Sherman Sherman's Wartime Record

Joined
Jun 27, 2017
Even considering the Atlanta campaign, I would barely adequate at best. Considering only that campaign in which he had great numerical superiority his strategy was to use the broken terrain to threaten his opponent's main defense and flank him to the west. Ideally this move allows him to cut the enemy's route of retreat and trap him between two forces or send him in precipitous flight. Say what you will about Joe Johnston but he always managed to avoid either option.

Having proved to everyone but himself the efficacy of this approach, he abandons it at Kennesaw Mt in fruitless frontal assaults against a dug in enemy. Yep, genius.

I really would have loved to have seen Davis's relief order replacing him with Hood delayed for a week or two to see how the Battle of Peachtree Creek would have played out with a competent Johnston at the helm instead of Hood.

I wonder did Sherman send Hood thank you cards for each of his fruitless frontal attacks against a superior force.

But then one of the great accolades Sherman is given is for his imaginative strategy of marching through Georgia, destroying the enemy's will to resist.

Much is made of spreading his army over much of the width of Ga, confusing the enemy as to what his goal was. The only problem with this conclusion is that it is absolutely false. First Sherman left Atlanta driving a herd of 5000 cattle with him. Even with this moving food factory when his exhausted army reached the outskirts of Savannah they were close to starvation. This was true even though spread out as they were allowed them to forage across the countryside. Second there was no opposition, a few home guards most of whom probably had to think how to load their weapons and had probably never heard a shot fired in anger.

Think about the consequences of Hood not haring off to Tenn. Or realizing what Sherman was doing had turned to harry him. If he continues his 3 column advance, any of the columns may be attacked by his follower. Thus he would have had to inevitably move to consolidate his army. Unfortunately this would have inhibited foraging and much more rapidly depleted his supplies. Suppose Athena, goddess of wisdom personally comes down to slap Hood's head hard enough to get his 2 brain cells to rub together and inspire him to immediately send for Forrest who immediately harries Sherman's flanks incessantly. Who makes him deploy for battle to cross every creek.

In essence he would have been imprisoned in a trap of his own making. He cannot reach the sea for succor. He cannot return to Atlanta. Soon his only option would have been ignominious surrender, possibly without even the need for a pitched battle.
 

Lubliner

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Nov 27, 2018
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Chattanooga, Tennessee
Even considering the Atlanta campaign, I would barely adequate at best. Considering only that campaign in which he had great numerical superiority his strategy was to use the broken terrain to threaten his opponent's main defense and flank him to the west. Ideally this move allows him to cut the enemy's route of retreat and trap him between two forces or send him in precipitous flight. Say what you will about Joe Johnston but he always managed to avoid either option.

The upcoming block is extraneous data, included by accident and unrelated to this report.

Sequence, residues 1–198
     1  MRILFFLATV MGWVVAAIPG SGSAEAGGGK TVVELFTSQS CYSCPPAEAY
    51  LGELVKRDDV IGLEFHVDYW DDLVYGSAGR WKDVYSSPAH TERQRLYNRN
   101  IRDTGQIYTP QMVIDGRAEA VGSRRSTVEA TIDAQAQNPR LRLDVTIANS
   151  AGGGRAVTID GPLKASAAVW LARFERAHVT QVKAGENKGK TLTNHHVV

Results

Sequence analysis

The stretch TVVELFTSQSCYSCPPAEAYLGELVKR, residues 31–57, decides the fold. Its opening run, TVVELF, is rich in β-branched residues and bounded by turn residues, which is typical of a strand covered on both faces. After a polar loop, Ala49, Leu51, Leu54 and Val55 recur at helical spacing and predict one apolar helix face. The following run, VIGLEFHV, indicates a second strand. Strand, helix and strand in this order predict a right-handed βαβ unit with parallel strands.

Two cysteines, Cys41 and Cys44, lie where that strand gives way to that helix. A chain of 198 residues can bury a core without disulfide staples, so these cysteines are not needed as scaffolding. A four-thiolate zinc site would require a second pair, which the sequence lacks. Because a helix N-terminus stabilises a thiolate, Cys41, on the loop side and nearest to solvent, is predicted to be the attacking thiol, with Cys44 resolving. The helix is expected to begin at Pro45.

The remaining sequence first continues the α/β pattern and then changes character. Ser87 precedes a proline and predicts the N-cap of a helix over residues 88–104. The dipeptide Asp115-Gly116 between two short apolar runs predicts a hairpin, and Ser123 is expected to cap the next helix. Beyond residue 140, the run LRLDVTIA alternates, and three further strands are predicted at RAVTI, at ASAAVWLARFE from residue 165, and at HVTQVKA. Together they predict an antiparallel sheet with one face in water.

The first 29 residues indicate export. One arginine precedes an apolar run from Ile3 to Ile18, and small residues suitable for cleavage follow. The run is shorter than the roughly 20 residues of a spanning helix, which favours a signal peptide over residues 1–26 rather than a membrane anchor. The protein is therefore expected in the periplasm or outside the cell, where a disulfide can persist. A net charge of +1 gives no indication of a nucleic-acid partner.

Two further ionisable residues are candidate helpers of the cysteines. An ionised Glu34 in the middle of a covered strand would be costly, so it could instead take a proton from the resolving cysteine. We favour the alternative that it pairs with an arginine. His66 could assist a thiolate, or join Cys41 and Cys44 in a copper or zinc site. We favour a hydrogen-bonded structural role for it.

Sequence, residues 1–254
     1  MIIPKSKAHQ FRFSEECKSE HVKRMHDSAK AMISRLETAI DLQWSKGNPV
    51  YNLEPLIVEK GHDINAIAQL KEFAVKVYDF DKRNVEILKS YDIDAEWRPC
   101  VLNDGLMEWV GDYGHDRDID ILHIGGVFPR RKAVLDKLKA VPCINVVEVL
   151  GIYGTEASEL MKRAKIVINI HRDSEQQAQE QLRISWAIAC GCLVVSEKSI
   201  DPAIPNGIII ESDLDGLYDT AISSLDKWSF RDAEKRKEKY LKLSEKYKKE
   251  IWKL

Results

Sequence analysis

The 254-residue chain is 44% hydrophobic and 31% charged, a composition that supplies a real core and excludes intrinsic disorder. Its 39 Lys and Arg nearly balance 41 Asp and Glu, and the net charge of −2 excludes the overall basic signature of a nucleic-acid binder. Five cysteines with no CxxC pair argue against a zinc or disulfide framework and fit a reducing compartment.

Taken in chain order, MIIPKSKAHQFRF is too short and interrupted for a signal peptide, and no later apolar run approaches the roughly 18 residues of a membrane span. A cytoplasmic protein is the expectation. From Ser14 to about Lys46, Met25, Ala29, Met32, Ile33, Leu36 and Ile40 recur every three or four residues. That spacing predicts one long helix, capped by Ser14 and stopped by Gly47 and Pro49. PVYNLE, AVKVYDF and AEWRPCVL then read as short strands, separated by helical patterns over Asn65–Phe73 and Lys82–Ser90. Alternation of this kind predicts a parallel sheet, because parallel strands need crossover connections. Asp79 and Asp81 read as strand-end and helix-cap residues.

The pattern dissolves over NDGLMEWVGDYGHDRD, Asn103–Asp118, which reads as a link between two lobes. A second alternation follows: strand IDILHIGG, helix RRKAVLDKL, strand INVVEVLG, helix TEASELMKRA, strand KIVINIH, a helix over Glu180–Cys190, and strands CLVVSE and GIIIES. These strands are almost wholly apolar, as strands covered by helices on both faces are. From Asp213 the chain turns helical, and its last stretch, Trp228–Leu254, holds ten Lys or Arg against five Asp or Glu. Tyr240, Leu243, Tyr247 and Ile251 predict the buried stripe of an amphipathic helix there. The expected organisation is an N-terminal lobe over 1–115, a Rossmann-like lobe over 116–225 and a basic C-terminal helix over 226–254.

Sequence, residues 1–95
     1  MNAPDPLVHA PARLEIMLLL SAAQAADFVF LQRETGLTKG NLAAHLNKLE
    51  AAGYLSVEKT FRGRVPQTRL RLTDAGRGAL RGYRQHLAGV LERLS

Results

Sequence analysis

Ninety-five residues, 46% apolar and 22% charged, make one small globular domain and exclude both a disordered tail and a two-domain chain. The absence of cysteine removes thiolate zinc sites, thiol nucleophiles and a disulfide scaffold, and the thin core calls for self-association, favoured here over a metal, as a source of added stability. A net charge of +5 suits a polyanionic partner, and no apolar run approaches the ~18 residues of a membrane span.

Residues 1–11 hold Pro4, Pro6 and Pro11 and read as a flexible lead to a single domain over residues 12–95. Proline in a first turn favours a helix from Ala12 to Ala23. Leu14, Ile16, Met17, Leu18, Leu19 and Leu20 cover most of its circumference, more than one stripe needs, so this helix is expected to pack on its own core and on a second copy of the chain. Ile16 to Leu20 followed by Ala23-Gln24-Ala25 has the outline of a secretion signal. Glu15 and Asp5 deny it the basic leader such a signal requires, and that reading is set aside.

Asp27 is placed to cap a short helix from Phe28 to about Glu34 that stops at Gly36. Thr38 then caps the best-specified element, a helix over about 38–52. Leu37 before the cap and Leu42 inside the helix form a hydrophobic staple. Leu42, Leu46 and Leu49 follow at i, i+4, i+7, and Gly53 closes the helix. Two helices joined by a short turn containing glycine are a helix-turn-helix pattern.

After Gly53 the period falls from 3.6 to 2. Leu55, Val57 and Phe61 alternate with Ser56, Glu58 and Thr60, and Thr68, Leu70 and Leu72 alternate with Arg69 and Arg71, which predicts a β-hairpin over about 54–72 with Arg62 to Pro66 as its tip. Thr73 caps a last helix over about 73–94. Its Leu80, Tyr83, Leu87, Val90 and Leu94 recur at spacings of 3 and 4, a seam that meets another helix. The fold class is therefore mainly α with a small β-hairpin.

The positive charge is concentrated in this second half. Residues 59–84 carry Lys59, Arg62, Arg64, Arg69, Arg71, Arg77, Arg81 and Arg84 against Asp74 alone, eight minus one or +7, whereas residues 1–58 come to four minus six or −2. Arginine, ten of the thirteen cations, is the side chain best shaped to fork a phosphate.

Having proved to everyone but himself the efficacy of this approach, he abandons it at Kennesaw Mt in fruitless frontal assaults against a dug in enemy. Yep, genius.

I really would have loved to have seen Davis's relief order replacing him with Hood delayed for a week or two to see how the Battle of Peachtree Creek would have played out with a competent Johnston at the helm instead of Hood.

I wonder did Sherman send Hood thank you cards for each of his fruitless frontal attacks against a superior force.

But then one of the great accolades Sherman is given is for his imaginative strategy of marching through Georgia, destroying the enemy's will to resist.

Much is made of spreading his army over much of the width of Ga, confusing the enemy as to what his goal was. The only problem with this conclusion is that it is absolutely false. First Sherman left Atlanta driving a herd of 5000 cattle with him. Even with this moving food factory when his exhausted army reached the outskirts of Savannah they were close to starvation. This was true even though spread out as they were allowed them to forage across the countryside. Second there was no opposition, a few home guards most of whom probably had to think how to load their weapons and had probably never heard a shot fired in anger.

Think about the consequences of Hood not haring off to Tenn. Or realizing what Sherman was doing had turned to harry him. If he continues his 3 column advance, any of the columns may be attacked by his follower. Thus he would have had to inevitably move to consolidate his army. Unfortunately this would have inhibited foraging and much more rapidly depleted his supplies. Suppose Athena, goddess of wisdom personally comes down to slap Hood's head hard enough to get his 2 brain cells to rub together and inspire him to immediately send for Forrest who immediately harries Sherman's flanks incessantly. Who makes him deploy for battle to cross every creek.

In essence he would have been imprisoned in a trap of his own making. He cannot reach the sea for succor. He cannot return to Atlanta. Soon his only option would have been ignominious surrender, possibly without even the need for a pitched battle.
It is a very good and strong point on having the confederates maintain control near Sherman's army. I believe if/when caught in the trap, central Georgia, he would have turned south toward the gulf.
Lubliner.
 
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